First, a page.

The global cost of pegging global warming to 2 degrees Celsius has risen by $8 trillion in the last two years, due to soaring coal use which has eclipsed the roll-out of renewable energies, according to a new International Energy Agency (IEA) report released today (12 May).
A top IEA official told EurActiv that there should be a halt to the commissioning of sub-critical coal plants with no potential for retroactive fitting of carbon, capture and storage technology (CCS) that may one day pipe CO2 emissions for storage in geological formations.
The Energy Technology Perspectives (ETP) 2014 study finds that the $44 trillion of clean energy investment needed by 2050 to prevent planetary over-heating, compared to $36 trillion in the previous ETP analysis
“Progress is not coming as fast as it needs to,” Jean-François Gagné, the head of the IEA’s energy technology division told EurActiv. “We’re currently taking decisions that are preventing us from - or at least making it much more difficult to - ensure a low carbon, secure and economic energy system.”
Top of these decisions has been a massive expansion in coal use since 2010, greater than the rise in all non-fossil fuel sources combined. Some 60% of the new coal capacity has been ‘sub-critical’, the least efficient class of commercially available coal-fired generation technology.
The report predicts that if coal and CO2 prices stay low, unabated coal plants will be sufficiently flexible to remain profitable.
“We need to stop developing coal plants the way we have been doing in the last decade,” Gagné said. “The benefit we get from renewables is overshadowed by new coal use and it is even more alarming that a lot of the coal plants being built are not to the highest standards because of uncertainties associated with electricity prices.”
“When coal needs to be part of the energy mix, then the power plants should be built to the highest efficiency standards possible, to make it easier to retrofit CCS in the long term,” he added.
Poland, which has yet to transpose the EU’s CCS Directive, is currently embroiled in a dispute with environmentalists over its massive twin Opole coal plants, concerning the nature of its CCS-preparedness.
The IEA’s experts predict that CCS will start to play ‘a real role’ in the EU’s energy system by around 2030 but only if investments are made in the technology now.
According to the new IEA paper, which Gagné oversaw, the $44 trillion of clean energy investment needed by mid-century represents a small portion of global GDP and would be more than offset by the $115 trillion in fuel savings it would bring in tow.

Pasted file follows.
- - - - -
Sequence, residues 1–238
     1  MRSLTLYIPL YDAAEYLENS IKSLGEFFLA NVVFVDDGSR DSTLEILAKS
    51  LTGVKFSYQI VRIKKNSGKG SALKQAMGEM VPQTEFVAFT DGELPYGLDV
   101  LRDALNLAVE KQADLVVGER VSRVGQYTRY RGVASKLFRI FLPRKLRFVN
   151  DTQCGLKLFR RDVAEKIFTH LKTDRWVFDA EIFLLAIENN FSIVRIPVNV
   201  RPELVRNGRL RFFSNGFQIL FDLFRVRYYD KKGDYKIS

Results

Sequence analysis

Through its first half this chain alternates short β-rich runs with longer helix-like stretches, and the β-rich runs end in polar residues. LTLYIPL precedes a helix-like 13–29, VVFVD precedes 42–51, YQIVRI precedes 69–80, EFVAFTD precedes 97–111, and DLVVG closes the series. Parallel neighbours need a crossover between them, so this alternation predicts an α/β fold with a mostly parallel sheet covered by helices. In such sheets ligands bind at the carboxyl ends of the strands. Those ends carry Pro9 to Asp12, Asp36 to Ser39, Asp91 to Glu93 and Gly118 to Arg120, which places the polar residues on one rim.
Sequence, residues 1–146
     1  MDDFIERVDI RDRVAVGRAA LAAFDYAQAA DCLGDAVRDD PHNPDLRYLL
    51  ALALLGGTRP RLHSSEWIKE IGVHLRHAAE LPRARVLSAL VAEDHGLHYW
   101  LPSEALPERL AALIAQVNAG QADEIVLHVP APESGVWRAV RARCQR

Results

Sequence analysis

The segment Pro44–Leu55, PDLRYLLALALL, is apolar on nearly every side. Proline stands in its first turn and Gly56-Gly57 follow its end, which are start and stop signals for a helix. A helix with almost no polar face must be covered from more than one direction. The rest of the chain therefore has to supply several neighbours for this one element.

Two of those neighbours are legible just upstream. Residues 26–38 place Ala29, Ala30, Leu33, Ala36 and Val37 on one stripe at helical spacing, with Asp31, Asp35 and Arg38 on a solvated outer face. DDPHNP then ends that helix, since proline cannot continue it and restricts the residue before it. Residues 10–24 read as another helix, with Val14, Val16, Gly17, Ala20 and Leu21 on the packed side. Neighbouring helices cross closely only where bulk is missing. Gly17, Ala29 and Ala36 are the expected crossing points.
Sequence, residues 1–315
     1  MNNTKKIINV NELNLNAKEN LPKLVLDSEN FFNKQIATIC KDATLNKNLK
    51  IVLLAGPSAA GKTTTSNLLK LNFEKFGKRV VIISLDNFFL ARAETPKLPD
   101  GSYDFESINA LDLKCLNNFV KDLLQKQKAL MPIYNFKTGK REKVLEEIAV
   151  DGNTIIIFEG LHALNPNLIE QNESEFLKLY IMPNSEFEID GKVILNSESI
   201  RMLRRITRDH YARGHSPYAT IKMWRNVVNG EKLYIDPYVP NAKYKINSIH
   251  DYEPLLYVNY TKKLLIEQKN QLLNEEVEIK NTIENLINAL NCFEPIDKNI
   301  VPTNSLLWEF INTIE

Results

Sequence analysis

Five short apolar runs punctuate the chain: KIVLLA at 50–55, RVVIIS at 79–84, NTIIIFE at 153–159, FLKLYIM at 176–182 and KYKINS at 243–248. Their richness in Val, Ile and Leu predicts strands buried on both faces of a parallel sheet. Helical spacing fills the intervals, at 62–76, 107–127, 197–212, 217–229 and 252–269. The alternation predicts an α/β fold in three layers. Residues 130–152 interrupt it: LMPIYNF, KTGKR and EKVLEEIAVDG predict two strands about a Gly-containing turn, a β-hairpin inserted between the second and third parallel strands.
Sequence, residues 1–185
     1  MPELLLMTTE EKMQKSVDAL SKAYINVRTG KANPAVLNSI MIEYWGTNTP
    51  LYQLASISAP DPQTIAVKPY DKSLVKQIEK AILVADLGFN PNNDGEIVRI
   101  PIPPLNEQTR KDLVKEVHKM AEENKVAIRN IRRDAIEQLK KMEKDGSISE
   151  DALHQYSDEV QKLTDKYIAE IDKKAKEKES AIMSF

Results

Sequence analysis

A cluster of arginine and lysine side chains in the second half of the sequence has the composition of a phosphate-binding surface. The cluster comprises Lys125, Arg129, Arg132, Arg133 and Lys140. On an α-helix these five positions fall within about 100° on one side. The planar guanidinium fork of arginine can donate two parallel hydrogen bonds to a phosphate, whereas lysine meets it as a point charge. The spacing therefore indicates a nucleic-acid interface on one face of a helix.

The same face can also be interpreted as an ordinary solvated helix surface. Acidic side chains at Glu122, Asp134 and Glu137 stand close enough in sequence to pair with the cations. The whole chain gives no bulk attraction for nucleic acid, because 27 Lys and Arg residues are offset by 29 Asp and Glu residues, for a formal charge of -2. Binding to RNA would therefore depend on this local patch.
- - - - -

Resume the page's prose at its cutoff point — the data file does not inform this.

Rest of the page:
This is especially so as the costs of making a clean energy transition in the teeth of a warming planet will be steep, incremental and subject to unpredictable change.
“The longer we wait, the more expensive it becomes to transform our energy system,” the paper says.
Two degrees window
The new report outlines three scenarios involving global warming of 2 degrees, 4 degrees and 6 degrees, indicating how the world’s energy system might be affected by each.
Underlying this analysis is an estimate by the agency – which employs the world’s most respected energy economists – that the window for a 2 degrees-warmed world will close at the end of 2016, due to the fossil fuel investments which will have been locked into future systems by then.
Gagné was quick to point out that this did not mean that a dangerously unstable future climate would then become inevitable. “It just means that once the window of opportunity is closed in terms of current infrastructure, that the discussions will have to look at retiring existing infrastructure early, and the cost of that,” he said.
To keep climate change within the 2 degrees paradigm, the IEA assumes a global carbon price of €90 a tonne by 2030, rising to around €150 a tonne by 2050.
Current carbon pricing schemes lack the strength, stability and credibility to inspire investor belief, the IEA says, leading to the perceived risk associated with carbon profligacy to be discounted.
Electricity v Oil
But the agency expects electricity use to continue an expansion that has seen its share of energy demand almost double in the last four decades.
“Electricity will play a defining role in first half of coming century as the source of energy to power economic growth and sustainable access for all,” Gagné said. “Our statement that the share of electricity in the system will increase under all scenarios is true.”
This would happen even without decarbonisation, he added.
However, decarbonisation moves could be obstructed by trends to regional policy fragmentation, such as the withdrawal of EU states from the Union or looser energy integration at the continental level.
“One key hurdle to the gains we want to see is the unavailability of a global carbon agreement, so the more fragmentation and less integrated our approach, the more difficult it becomes to bring solutions together,” Gagné said.